The windows on the first story are twelve-light, French double casement design, above which are decorative brick arches.  Dividing the first and second stories is a terra cotta tile belt course with panels of urns, cartouches and lions’ heads as well as garland and swag designs. The windows on the second story are six over one sash with terra cotta tile surrounds.

Porter Room (Vestibule)
Some of our rooms have been named in honor or memory of residents in Henry County. The Porter Room was named in honor of William Porter, Sr., and his descendants, and the early settlers of Paris and Henry County.

VanDyck Gallery (Gallery)
J.T. VanDyck was a 25-year member of the county commission and a prominent farmer. The glass doors were the best way to get air circulation in the house, since there was no air conditioning at the time. The portico on the far side was used when there was a large amount of people. The carriages would pull around the driveway, drop everyone off and move out of the way for any other carriages.

Kesterson Hall (Entrance Hall)
Millard M. Kesterson was the founder of Kesterson Food Supply.

Jelks Room (Formal Dining Room)
Robert ‘Bobby’ Jelks was a long time Henry County coach. The Jelks Room is used for our permanent exhibit. An artist from St. Louis was commissioned to paint the mural that circles the room The mural, depicting a Greek Garden scene, was painted on canvas, and then applied to the plaster walls. Each of the white panels under the mural is different. Though some are similar, no two are exactly alike.

Mitchum Room (Breakfast Room)
Mitchum E. Warren was a former president of Golden Peacock Cosmetic Company. This room now serves as an office for the Museum Volunteer Staff. The same artist from St. Louis painted the mural on the ceiling.

Kitchen
This room has not been named. The sink is said to be original to the house. The window pulls are Art Noveau style. The windows were placed higher in all servants’ areas to keep the servants from wasting time staring out the windows. The light switches are located at the back entrance for the convenience of the servants; they would be the first down in the morning and the last up at night. The cabinets were added to the kitchen for the convenience of food preparation during different functions such as weddings.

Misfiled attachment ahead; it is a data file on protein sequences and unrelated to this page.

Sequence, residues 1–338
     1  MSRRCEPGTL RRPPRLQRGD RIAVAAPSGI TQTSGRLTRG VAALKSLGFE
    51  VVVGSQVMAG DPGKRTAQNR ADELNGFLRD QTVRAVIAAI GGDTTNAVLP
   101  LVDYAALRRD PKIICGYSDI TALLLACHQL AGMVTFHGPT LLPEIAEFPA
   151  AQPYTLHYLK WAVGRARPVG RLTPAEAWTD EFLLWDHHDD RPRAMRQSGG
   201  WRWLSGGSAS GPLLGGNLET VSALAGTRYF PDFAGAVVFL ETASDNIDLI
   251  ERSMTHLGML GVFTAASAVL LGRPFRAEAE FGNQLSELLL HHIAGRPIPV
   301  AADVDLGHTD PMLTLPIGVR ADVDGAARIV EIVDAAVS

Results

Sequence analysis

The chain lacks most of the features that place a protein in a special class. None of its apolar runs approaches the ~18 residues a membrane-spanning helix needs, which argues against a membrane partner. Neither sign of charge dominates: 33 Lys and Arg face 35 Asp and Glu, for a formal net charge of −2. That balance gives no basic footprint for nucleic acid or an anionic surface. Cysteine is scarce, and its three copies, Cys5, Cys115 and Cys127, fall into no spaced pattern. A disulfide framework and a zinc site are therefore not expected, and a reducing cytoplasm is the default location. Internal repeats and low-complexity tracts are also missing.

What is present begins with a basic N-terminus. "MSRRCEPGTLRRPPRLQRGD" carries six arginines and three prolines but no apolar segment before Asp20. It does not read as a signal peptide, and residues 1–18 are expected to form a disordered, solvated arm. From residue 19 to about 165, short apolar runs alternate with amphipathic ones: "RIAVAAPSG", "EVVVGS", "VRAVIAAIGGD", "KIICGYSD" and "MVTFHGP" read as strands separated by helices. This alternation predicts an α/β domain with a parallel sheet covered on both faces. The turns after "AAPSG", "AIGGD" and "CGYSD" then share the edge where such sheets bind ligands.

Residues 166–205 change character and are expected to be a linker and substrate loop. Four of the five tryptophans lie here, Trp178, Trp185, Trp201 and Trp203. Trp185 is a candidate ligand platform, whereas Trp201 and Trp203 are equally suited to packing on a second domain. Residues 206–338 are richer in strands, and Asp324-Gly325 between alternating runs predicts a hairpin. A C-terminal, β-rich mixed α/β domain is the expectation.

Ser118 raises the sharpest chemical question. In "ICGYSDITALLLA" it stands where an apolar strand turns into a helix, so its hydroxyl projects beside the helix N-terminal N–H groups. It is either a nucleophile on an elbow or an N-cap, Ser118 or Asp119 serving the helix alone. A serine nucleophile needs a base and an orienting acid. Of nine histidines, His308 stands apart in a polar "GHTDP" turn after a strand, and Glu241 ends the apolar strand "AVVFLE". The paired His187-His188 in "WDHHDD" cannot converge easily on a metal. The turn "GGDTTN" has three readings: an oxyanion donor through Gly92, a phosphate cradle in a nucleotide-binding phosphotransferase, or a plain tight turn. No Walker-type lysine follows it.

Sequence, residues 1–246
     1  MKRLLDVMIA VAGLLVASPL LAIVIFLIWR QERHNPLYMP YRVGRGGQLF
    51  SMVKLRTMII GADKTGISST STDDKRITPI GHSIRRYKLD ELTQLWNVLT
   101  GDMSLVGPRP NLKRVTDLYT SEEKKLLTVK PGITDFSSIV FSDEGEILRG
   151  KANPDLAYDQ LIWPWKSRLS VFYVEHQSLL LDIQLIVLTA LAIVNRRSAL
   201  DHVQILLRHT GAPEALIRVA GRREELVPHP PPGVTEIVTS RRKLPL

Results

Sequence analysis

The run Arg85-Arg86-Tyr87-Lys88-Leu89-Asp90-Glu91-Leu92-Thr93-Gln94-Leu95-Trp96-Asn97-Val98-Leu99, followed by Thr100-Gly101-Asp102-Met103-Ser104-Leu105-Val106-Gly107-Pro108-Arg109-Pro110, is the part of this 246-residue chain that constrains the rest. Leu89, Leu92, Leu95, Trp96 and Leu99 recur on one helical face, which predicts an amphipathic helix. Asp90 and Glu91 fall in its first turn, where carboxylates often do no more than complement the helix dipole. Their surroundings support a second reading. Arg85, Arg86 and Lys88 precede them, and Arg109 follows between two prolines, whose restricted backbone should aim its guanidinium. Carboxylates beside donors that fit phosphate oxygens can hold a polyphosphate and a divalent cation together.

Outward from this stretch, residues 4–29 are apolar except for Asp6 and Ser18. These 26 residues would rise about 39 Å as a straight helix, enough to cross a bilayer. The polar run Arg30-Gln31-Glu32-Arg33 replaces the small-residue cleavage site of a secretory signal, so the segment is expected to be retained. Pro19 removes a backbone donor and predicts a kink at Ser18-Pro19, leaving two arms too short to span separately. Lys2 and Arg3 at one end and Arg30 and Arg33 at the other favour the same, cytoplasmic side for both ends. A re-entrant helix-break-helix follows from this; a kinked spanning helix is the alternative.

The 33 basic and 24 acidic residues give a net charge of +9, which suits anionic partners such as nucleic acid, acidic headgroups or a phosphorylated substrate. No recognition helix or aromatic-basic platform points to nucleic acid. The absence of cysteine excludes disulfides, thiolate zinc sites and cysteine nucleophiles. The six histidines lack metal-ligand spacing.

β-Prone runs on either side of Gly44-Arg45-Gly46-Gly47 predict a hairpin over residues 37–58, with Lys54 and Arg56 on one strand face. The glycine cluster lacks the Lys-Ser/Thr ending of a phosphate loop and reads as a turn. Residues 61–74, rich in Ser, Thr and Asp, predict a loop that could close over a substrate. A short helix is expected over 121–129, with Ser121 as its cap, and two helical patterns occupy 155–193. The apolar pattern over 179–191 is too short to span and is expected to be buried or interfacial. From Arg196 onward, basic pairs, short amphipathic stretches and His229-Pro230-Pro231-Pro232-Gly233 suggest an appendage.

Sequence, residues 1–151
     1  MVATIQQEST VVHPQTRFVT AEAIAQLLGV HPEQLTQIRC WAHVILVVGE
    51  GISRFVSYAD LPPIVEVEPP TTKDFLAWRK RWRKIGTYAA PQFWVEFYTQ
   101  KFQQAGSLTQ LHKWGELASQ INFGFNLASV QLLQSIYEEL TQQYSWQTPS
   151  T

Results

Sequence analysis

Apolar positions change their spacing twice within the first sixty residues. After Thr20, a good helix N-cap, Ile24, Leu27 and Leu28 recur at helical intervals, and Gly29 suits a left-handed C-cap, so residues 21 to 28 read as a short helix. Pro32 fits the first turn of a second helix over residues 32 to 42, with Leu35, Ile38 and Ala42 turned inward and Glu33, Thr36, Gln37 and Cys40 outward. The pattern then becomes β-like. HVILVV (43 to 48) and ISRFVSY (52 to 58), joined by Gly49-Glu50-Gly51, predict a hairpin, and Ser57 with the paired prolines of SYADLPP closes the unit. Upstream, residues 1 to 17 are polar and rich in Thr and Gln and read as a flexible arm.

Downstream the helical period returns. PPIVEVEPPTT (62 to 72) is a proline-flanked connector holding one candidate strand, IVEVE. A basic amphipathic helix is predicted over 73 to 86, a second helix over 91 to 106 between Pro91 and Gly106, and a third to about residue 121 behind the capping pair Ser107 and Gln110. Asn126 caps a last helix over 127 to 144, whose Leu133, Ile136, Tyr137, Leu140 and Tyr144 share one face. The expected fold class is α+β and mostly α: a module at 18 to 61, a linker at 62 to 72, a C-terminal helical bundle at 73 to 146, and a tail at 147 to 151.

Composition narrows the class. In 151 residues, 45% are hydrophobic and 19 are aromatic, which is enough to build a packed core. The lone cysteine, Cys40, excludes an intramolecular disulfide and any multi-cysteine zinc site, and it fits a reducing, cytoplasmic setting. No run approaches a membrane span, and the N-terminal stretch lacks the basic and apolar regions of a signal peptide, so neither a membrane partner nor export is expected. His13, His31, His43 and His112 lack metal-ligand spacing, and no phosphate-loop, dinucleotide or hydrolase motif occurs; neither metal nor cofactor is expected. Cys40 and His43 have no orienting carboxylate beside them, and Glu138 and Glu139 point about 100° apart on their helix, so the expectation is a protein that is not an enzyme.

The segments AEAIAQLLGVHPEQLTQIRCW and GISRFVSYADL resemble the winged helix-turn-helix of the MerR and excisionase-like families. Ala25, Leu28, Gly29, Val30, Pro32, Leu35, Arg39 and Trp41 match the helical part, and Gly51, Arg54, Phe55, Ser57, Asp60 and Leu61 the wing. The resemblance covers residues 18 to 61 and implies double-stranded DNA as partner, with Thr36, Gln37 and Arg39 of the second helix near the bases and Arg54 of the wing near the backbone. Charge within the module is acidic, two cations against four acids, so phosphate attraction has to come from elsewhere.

Clifty Farm Room (Butlers Pantry)
Clifty Farms is a local distributor of country hams throughout the Southeast.  This room once housed the dishes and other items necessary for serving in either the adjoining dining room or breakfast room. The home was heated by hot water or steam, which was heated by a coal furnace in the basement and then pumped through pipes housed in marble cases. The plate warmer is original to the house.

Bathroom
It was said during those times that it was rude and impolite to use the restrooms in someone else’s house, so a small bathroom was squeezed into the ground floor for use during emergencies.  There were originally three full bathrooms upstairs.

Currier Room (Foyer)
The Currier family is one of the oldest families in the county. The light fixture (hanging down in the center), the tile floor and marble stairs are all original to the house. At the same time Colonel Barton imported the marble and the tile, he imported a stonemason to do the stonework. The mason did the stonework both inside and outside the house. The banister is black wrought iron that was mass-produced at the time. One of the centralized vacuum system ducts is in the foyer.  The parking lot in the back of the house was originally a tennis court.  During the early 1900’s, tennis courts were cultivated grass surfaces.  The tennis courts were destroyed when the cattle from the farmer across the highway broke loose and came to graze on grass.

Williams Landing (Landing)